One of the more polarizing prospects in his draft class, Forsythe received everything from second round to undrafted grades after a stellar four-year career at Florida. The athletic 6-foot-8 tackle held his own in pass protection for the Gators against some of college football's most formidable pass rushers, allowing just two sacks on over 500 pass blocking snaps in 2020 according to Pro Football Focus. But his height creates natural leverage issues as a run blocker and he will have to make improvements technique-wise before he will be ready to see the field as an NFL starter. Down the road, he could be the heir apparent to Brown or Shell and offers positional flexibility.
For a second straight season, Jones logged most of his snaps playing inside, as he subbed in for Mike Iupati and Damien Lewis at left and right guard in several games. He also started for the Seahawks at right tackle in place of Shell and Ogbuehi in a Week 12 loss to the Giants, only to exit in the second half with a groin injury that landed him on injured reserve. At times, the former fifth-round pick out of Ohio State has flashed enough upside to be a potential starter, but injuries have been a persistent problem for him and he could be down to his last chance to impress given the depth around him.
Rounding out the depth chart, the Seahawks brought back Champion after he spent the entire 2020 season on their practice squad. He will battle against Curhan, a four-year starter at California, for a reserve spot at right tackle. Considering depth in front of them, they may be vying for a single practice squad spot.
Can the Seahawks count on Brown and Shell to stay healthy over the course of a 17-game regular season?
Based on how each player performed a year ago, if Brown and Shell can stay on the field, the Seahawks should feel pretty good about their situation at tackle. But that's a big if, particularly for Shell, who has dealt with numerous injury issues throughout his five-year NFL career. He missed four games in 2017 with shoulder and neck injuries, missed the final two games in 2018 with a knee injury, and then was sidelined for five of the last six regular season games a year ago with his ankle sprain.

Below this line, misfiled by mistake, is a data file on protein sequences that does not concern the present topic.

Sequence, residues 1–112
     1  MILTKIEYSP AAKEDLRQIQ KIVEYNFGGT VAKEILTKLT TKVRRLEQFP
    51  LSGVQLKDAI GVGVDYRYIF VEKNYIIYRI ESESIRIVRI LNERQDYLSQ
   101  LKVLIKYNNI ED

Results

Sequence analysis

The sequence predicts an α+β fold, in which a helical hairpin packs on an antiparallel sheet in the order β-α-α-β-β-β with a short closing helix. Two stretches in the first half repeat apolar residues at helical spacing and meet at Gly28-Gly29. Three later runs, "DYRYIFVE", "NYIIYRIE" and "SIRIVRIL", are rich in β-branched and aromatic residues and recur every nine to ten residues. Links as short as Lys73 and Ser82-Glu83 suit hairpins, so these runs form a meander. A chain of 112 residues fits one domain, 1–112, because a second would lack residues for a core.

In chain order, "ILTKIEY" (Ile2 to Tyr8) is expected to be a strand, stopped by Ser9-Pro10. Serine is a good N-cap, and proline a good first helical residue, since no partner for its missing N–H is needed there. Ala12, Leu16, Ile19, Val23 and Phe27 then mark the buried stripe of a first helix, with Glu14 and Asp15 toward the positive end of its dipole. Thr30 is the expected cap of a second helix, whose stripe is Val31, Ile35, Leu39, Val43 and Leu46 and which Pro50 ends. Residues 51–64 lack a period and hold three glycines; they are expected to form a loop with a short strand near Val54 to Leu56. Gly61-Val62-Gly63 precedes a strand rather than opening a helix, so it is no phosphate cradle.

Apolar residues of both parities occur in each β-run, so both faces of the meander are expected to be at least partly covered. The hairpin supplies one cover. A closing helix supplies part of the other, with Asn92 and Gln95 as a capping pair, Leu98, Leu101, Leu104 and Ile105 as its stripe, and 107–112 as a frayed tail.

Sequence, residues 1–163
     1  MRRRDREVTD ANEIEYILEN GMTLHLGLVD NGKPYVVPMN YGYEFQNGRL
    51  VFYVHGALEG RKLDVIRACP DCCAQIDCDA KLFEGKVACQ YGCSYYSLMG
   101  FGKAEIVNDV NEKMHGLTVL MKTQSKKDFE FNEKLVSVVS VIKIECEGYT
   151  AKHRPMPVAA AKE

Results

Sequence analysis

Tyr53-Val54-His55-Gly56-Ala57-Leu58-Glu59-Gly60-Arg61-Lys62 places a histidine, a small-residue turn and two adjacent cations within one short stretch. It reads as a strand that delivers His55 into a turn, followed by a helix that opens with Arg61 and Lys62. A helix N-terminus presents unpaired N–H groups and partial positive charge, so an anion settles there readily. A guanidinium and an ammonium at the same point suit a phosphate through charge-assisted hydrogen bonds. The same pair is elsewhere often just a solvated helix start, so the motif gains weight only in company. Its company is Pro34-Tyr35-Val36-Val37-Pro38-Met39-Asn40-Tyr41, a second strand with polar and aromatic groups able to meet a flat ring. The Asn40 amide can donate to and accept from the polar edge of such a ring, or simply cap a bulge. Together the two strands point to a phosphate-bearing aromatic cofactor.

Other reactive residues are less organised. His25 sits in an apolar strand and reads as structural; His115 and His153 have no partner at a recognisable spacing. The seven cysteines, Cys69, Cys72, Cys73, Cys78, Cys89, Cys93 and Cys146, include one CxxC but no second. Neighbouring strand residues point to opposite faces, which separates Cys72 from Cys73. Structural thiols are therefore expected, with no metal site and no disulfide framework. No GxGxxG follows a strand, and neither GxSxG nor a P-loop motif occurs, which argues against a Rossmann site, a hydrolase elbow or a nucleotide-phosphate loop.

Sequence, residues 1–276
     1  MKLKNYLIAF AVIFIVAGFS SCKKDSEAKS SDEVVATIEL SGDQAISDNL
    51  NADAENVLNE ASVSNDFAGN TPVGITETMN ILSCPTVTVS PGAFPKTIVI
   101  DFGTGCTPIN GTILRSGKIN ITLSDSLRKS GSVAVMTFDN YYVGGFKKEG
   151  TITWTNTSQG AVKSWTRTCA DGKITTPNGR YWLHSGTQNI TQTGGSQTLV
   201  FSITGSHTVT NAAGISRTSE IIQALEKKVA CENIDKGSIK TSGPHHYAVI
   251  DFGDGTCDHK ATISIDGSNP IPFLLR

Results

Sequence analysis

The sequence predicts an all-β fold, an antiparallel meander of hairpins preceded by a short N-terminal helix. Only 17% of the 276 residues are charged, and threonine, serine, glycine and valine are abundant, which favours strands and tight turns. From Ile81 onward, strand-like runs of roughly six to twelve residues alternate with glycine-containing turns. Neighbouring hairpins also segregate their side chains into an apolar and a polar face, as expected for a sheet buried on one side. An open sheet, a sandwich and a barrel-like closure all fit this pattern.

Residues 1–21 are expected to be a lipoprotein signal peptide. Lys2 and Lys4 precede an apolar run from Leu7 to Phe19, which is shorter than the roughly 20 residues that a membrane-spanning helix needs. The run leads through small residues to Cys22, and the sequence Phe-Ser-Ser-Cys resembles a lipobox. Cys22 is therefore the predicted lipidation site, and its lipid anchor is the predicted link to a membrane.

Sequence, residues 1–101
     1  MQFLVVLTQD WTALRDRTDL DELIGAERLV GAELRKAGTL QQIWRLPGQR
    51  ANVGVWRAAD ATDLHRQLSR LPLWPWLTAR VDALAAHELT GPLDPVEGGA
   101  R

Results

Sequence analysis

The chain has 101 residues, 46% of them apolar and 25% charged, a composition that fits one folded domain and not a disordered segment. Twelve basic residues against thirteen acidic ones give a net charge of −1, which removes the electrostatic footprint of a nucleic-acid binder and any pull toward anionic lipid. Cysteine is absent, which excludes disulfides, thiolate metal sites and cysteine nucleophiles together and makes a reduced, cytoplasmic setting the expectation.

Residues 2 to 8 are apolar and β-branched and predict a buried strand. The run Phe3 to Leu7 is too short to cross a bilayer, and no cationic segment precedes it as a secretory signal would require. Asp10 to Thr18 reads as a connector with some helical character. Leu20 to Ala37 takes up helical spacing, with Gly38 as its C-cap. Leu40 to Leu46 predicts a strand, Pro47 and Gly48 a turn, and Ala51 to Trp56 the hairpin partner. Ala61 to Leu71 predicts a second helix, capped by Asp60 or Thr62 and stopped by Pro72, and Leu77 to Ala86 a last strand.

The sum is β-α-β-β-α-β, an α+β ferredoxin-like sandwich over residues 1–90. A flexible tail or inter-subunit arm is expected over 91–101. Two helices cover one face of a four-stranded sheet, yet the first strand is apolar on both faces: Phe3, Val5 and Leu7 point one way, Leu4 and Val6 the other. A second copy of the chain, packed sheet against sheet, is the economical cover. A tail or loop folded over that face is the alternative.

Seattle has built enough depth to withstand Shell going down for a few games. However, losing Brown would be far more problematic and with him set to turn 36 years old in August, it's not out of the question his body could start breaking down. While Ogbuehi has starting experience at left tackle, he hasn't played in a game there since 2017 and would be a significant downgrade at a critical position. He also has had plenty of injury issues himself, including suffering a torn ACL before being drafted. Forsythe may not be ready to step into the lineup against NFL competition just yet and asking him to replace a player of Brown's caliber as a rookie would be a tall task.
Health is a critical factor at all positions for NFL teams. But losing Brown and/or Shell for more than a handful of games could spell doom for Seattle's offensive line and as learned the hard way last January, keeping them healthy will be key to the team's chances of making noise in the playoffs.
Before the conclusion of the 2021 season, Forsythe or Ogbuehi will have started at least four games.
Unfortunately, injuries happen in the NFL and based on prior track records, especially with an extra game added to the schedule, there's a good chance one or both of Seattle's starting tackles will miss time at some point. The good news is that, if that happens, the team should feel confident in their backup options as short-term replacements. Ogbuehi played the best football of his career last December and showed he could hold up against top pass rushers such as Washington's Chase Young. As for Forsythe, the organization loves his upside and if he grows up quickly during training camp and the preseason, it wouldn't be surprising to see him leapfrog Ogbuehi as the main swing tackle. Jones could also be in the mix with past starting experience at both positions. Regardless of how that competition plays out, all three of those players will need to be ready to play either tackle spot in the event one of the starters goes down and they are called into action.